Data Analysis of the Lung Imaging Database Consortium and Image Database Resource Initiative

Published:January 16, 2015DOI:

      Rationale and Objectives

      The Lung Image Database Consortium (LIDC) and Image Database Resource Initiative (IDRI) is the largest publicly available computed tomography (CT) image reference data set of lung nodules. In this article, a comprehensive data analysis of the data set and a uniform data model are presented with the purpose of facilitating potential researchers to have an in-depth understanding to and efficient use of the data set in their lung cancer–related investigations.

      Materials and Methods

      A uniform data model was designed for representation and organization of various types of information contained in different source data files. A software tool was developed for the processing and analysis of the database, which 1) automatically aligns and graphically displays the nodule outlines marked manually by radiologists onto the corresponding CT images; 2) extracts diagnostic nodule characteristics annotated by radiologists; 3) calculates a variety of nodule image features based on the outlines of nodules, including diameter, volume, and degree of roundness, and so forth; 4) integrates all the extracted nodule information into the uniform data model and stores it in a common and easy-to-access data format; and 5) analyzes and summarizes various feature distributions of nodules in several different categories. Using this data processing and analysis tool, all 1018 CT scans from the data set were processed and analyzed for their statistical distribution.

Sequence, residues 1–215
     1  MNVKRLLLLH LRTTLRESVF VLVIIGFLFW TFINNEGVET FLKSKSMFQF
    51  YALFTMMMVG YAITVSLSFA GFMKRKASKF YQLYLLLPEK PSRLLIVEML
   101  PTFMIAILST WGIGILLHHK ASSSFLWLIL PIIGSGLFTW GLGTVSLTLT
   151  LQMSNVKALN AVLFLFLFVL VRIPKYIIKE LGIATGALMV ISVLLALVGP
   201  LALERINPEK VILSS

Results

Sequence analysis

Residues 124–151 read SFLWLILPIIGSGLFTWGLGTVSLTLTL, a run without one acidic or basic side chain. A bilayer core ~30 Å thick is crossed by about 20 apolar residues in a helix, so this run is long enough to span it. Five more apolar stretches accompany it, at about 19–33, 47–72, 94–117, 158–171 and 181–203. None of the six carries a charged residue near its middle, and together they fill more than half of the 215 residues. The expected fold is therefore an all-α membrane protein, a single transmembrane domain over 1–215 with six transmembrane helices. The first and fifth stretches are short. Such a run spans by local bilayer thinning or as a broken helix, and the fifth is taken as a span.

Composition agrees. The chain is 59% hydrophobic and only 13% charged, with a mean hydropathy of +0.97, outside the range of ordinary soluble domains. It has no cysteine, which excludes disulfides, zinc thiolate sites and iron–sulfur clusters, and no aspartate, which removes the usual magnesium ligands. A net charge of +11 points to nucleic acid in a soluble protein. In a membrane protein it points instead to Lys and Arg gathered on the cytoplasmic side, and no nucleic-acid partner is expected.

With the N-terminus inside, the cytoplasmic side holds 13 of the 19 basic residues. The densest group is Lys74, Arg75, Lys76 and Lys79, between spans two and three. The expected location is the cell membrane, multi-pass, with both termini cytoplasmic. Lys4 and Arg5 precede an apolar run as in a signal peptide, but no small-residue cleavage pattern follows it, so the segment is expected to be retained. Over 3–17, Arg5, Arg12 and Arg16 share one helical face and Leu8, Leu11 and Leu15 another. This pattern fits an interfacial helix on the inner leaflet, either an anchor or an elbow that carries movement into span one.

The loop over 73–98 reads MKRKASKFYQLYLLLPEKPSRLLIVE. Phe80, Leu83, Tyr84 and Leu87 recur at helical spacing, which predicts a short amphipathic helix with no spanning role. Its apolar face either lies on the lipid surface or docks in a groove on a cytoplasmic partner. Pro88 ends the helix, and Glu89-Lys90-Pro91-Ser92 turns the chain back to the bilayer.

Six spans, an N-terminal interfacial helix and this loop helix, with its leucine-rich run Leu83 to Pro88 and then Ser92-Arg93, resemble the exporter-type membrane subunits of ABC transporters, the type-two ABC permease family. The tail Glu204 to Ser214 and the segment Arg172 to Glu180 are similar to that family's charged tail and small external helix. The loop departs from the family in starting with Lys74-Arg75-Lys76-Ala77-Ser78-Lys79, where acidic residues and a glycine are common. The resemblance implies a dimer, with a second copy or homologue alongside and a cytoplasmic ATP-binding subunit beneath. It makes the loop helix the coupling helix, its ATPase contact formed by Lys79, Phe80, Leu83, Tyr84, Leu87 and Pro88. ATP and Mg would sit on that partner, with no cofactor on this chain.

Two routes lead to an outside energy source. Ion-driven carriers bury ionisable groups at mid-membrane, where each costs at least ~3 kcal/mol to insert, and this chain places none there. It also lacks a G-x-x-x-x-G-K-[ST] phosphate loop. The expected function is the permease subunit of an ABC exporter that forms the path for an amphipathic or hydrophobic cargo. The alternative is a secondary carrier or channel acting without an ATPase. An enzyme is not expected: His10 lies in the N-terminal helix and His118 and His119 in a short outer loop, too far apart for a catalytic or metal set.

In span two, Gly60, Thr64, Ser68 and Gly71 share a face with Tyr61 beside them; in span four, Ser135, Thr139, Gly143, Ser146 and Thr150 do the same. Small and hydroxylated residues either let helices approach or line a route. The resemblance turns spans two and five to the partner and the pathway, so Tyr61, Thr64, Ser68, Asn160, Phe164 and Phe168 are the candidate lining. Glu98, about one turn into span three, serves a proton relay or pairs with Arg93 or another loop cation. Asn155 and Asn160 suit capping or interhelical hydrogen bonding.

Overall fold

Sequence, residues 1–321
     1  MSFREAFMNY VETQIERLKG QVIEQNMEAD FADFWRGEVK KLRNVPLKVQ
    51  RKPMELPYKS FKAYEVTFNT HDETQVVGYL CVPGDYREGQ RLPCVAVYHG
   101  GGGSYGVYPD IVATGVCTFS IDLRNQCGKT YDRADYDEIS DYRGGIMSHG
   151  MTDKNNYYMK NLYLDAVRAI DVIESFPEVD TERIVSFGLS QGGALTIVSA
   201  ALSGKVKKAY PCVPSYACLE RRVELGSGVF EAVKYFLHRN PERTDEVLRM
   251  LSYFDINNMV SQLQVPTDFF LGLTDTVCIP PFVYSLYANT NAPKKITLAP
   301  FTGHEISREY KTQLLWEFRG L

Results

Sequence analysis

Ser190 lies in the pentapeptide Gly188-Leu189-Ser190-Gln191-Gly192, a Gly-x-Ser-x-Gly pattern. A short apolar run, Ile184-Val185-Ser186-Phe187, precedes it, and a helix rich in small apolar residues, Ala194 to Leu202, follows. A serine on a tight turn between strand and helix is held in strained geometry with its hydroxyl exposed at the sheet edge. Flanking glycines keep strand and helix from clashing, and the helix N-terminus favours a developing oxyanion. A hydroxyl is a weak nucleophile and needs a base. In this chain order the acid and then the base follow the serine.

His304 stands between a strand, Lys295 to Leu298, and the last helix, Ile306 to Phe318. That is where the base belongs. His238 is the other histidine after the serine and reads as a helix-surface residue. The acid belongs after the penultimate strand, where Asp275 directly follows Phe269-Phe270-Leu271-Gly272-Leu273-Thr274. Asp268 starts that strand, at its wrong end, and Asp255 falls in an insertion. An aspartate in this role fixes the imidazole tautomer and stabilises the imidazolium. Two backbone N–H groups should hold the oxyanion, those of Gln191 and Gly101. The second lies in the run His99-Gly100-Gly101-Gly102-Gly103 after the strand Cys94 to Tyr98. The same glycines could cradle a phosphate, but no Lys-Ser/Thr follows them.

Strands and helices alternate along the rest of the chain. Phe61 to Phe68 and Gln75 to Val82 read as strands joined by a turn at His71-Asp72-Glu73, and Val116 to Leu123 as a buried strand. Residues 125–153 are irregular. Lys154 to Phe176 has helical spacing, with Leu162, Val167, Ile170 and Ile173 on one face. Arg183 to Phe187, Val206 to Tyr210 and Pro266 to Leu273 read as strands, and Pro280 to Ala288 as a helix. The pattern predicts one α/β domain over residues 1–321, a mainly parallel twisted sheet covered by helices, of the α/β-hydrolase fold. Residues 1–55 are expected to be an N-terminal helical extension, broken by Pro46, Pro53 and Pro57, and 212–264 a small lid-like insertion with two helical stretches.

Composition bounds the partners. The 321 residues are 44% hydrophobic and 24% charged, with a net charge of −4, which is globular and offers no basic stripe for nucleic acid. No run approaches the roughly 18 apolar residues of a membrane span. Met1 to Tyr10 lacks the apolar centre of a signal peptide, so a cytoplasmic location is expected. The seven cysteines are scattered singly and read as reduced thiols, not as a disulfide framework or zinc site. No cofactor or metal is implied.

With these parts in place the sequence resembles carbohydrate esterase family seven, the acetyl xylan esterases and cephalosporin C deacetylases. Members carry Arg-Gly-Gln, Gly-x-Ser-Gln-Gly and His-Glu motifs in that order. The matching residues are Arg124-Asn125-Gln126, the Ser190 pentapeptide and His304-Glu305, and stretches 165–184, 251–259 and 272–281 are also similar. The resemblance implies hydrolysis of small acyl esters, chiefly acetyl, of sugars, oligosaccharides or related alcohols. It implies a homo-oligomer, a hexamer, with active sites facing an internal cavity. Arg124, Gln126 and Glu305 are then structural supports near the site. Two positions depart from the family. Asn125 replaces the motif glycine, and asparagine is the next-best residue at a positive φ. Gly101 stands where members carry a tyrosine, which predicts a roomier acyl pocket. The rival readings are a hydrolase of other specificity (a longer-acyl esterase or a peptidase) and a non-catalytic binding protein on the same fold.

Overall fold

The information contained in different source data files with different formats was extracted and integrated into a new and uniform data model. Based on the new data model, the statistical distributions of nodules in terms of nodule geometric features and diagnostic characteristics were summarized. In the LIDC/IDRI data set, 2655 nodules ≥3 mm, 5875 nodules <3 mm, and 7411 non-nodules are identified, respectively. Among the 2655 nodules, 1) 775, 488, 481, and 911 were marked by one, two, three, or four radiologists, respectively; 2) most of nodules ≥3 mm (85.7%) have a diameter <10.0 mm with the mean value of 6.72 mm; and 3) 10.87%, 31.4%, 38.8%, 16.4%, and 2.6% of nodules were assessed with a malignancy score of 1, 2, 3, 4, and 5, respectively.


      This study demonstrates the usefulness of the proposed software tool to the potential users for an in-depth understanding of the LIDC/IDRI data set, therefore likely to be beneficial to their future investigations. The analysis results also demonstrate the distribution diversity of nodules characteristics, therefore being useful as a reference resource for assessing the performance of a new and existing nodule detection and/or segmentation schemes.

      Key Words

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